Wednesday, January 17, 2018

The Whispering Room

Fiction by Dean Koontz

The Whispering Room (Jane Hawk Series #2)
https://www.barnesandnoble.com/

This is the sequel to The Silent Cornerwhich I read recently. It's just as good as the first one, and I'm dying to read the third installment... but it has not yet been released, unfortunately.

I've mentioned before about planned series books in which you can tell the author is stretching out the action to fit more than one book. This is NOT one of those. Mr. Koontz NEEDS at least three books to tell this story.

By the way, it's kind of scary. Evil forces threatening the world and ll that jazz... but I'm sure it will be all right in the end. Probably.


Saturday, January 13, 2018

The Rooster Bar

Fiction by John Grisham

The Rooster Bar
https://www.barnesandnoble.com

Have you ever read a legal thriller, such as one of the many written by the revered Mr. Grisham here, and said to yourself, "Boy I wish I were a lawyer! I should go to law school and then get an exciting an high -paying job after graduation!"

Well, according to this book: John Grisham says DON'T DO IT!!

At the beginning of this story, we are introduced to a group of law students who bought into that very fantasy. They applied to an easy-to-get-into law school, borrowed the exorbitant tuition from the government, and then studied through almost three years of instruction, only to find themselves staring at graduation with a mountain of debt and no job prospects whatsoever. So they decide to try to beat the system somehow and figure out a way out from under this problem.

I enjoyed this book; the characters were engaging and believable and the plot kept me interested. 


I also read recently by this author: Camino Island

Wednesday, January 10, 2018

Year One

Fiction by Nora Roberts

Year One (Chronicles of the One Series #1)
https://www.barnesandnoble.com

This book is called Year One: Chronicles of The One, Book One. So my initial reaction is: Wait, what number is this?

I'm joking, of course.

At the start of this novel, a plague begins that will wipe out a good 80% of the world's population. Bummer, huh? But this is one of the interesting type of post-apocalyptic stories, the kind with hope for the human race left behind.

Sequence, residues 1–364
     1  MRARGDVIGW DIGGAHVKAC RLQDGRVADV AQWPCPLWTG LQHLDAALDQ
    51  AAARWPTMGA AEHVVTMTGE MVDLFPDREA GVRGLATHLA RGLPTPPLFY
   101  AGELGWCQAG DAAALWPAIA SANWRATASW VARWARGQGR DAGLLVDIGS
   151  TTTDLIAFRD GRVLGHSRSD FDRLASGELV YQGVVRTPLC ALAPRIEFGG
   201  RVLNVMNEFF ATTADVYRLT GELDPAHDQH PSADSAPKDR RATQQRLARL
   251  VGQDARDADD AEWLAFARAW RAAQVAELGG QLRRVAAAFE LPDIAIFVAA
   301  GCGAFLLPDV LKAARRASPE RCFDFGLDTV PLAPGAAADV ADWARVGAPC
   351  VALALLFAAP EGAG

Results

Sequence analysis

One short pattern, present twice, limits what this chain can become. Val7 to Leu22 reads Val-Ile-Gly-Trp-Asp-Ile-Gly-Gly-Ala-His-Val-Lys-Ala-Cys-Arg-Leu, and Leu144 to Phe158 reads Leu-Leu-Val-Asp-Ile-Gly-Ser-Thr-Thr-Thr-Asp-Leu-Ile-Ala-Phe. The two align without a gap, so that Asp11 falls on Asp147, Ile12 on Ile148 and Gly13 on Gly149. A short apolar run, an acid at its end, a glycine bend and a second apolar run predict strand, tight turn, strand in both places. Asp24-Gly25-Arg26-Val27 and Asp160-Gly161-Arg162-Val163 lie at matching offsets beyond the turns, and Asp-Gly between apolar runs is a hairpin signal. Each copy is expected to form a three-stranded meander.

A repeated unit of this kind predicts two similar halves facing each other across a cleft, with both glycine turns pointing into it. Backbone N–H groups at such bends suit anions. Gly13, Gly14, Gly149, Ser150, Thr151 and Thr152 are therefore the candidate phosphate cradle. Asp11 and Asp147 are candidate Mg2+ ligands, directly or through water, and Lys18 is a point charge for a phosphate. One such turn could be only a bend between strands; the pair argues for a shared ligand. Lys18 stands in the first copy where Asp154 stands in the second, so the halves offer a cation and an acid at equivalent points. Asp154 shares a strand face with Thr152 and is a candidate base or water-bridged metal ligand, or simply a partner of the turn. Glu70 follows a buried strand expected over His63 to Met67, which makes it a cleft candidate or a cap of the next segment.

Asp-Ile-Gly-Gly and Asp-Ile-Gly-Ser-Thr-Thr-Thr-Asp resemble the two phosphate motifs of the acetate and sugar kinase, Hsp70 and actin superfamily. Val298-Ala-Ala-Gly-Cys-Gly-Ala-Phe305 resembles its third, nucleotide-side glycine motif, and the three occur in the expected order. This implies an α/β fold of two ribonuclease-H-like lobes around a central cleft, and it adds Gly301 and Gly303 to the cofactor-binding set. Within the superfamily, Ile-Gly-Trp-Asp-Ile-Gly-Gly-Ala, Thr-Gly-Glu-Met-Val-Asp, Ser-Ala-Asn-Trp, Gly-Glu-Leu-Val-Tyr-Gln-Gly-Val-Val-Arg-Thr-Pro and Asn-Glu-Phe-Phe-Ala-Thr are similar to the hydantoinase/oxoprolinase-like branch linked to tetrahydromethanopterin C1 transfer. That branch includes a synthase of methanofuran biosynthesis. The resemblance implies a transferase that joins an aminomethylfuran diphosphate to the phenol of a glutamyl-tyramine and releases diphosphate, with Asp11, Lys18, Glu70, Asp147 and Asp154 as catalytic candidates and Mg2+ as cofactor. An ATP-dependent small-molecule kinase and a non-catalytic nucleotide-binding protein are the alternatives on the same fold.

The story is really exciting, but it gets weird rather quickly as well, so it may not be for everyone. I'm looking forward to the next book in the series, though. (Which should be number TWO, I think...)


Saturday, January 6, 2018

Wonder

Fiction by R.J. Palacio.

Wonder (Movie Tie-In Edition)
https://www.barnesandnoble.com

I think this book is intended for kids, since the hero is a ten-year-old, but I'd say it's really for teens to adults, because it really deals with a troubling set of emotions. But maybe kids can understand it on their own level.

The boy in the story (August) has a facial disfigurement, and his parents decide to send him to school for the first time starting in fifth grade, which is Middle School. Obviously, this is a difficult transition.

I really liked this book because it did not go for the formulaic ideas one might expect from this kind of story:
Handicapped Boy =Saint
His family= Perfect and Ever Loving
His friends = Loyal and True
His enemies = Bad Bad Kids
The Ending = Everyone Happy Happy + Bad Kids Punished

This is a good story about realistic people. I haven't seen the movie, but this book is definitely worth reading.

Thursday, January 4, 2018

One False Move

Fiction by Harlan Coben.

One False Move (Myron Bolitar Series #5)
https://www.barnesandnoble.com/

This book is number five in the Myron Bolitar series. (I had to skip number four, if you are counting, because they didn't have it at the library.)

It was pretty good and had a surprising ending. Still, it's not Mr. Coben's best.


I also read recently by this author: Fade Away

Tuesday, January 2, 2018

The Secret of Chimneys

Fiction by Agatha Christie.

The Secret of Chimneys
https://www.barnesandnoble.com

As I mentioned before, (see The Man in the Brown Suit) I'm revisiting the novels of Agatha Christie in the order that they were written by listening to the audiobooks. (I just skipped over a short story collection, by the way, because I'm unfairly [?] prejudiced against short stories. I'm only reading the full novels right now. Sorry.)

So this is the next novel on my list; it is her fourth. This is one of the Spies Plus Murder types; in this sort of story there is a problem that involves some kind of political intrigue along with a murder that must be unraveled by our unlikely hero.

This is a good story with a surprise at the end.

Sunday, December 31, 2017

The Ship Who Sang

Fiction by Anne McCaffrey.

The Ship Who Sang (Brain and Brawn Ships Series #1)
https://www.barnesandnoble.com

I have read several of Anne McCaffery's books; apparently I read them prior to 2011 since they are not listed in this blog. She is most known for the "Dragonriders" series, which I liked, but I think the ones of hers I enjoyed most were "Catteni Freedom" series. (Freedom's Landing is the first of those.) I may have to revisit them.

The Ship Who Sang, which I had not read before, was pretty good, but it read more like a set of short stories along one theme than a cohesive novel. Looking at the publishing date, I see that this is some of her earliest writings, and the parts were indeed released separately somehow, so that probably accounts for the disconnectedness. So this book had a cool idea, but it didn't form itself into a cool novel somehow.